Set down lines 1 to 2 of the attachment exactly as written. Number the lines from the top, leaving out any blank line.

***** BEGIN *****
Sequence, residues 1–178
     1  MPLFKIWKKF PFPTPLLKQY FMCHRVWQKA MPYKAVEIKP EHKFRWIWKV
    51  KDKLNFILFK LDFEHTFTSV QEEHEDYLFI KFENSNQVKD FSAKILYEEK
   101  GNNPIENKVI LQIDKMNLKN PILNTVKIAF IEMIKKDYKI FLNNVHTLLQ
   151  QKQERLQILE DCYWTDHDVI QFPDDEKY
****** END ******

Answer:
Sequence, residues 1–178
     1  MPLFKIWKKF PFPTPLLKQY FMCHRVWQKA MPYKAVEIKP EHKFRWIWKV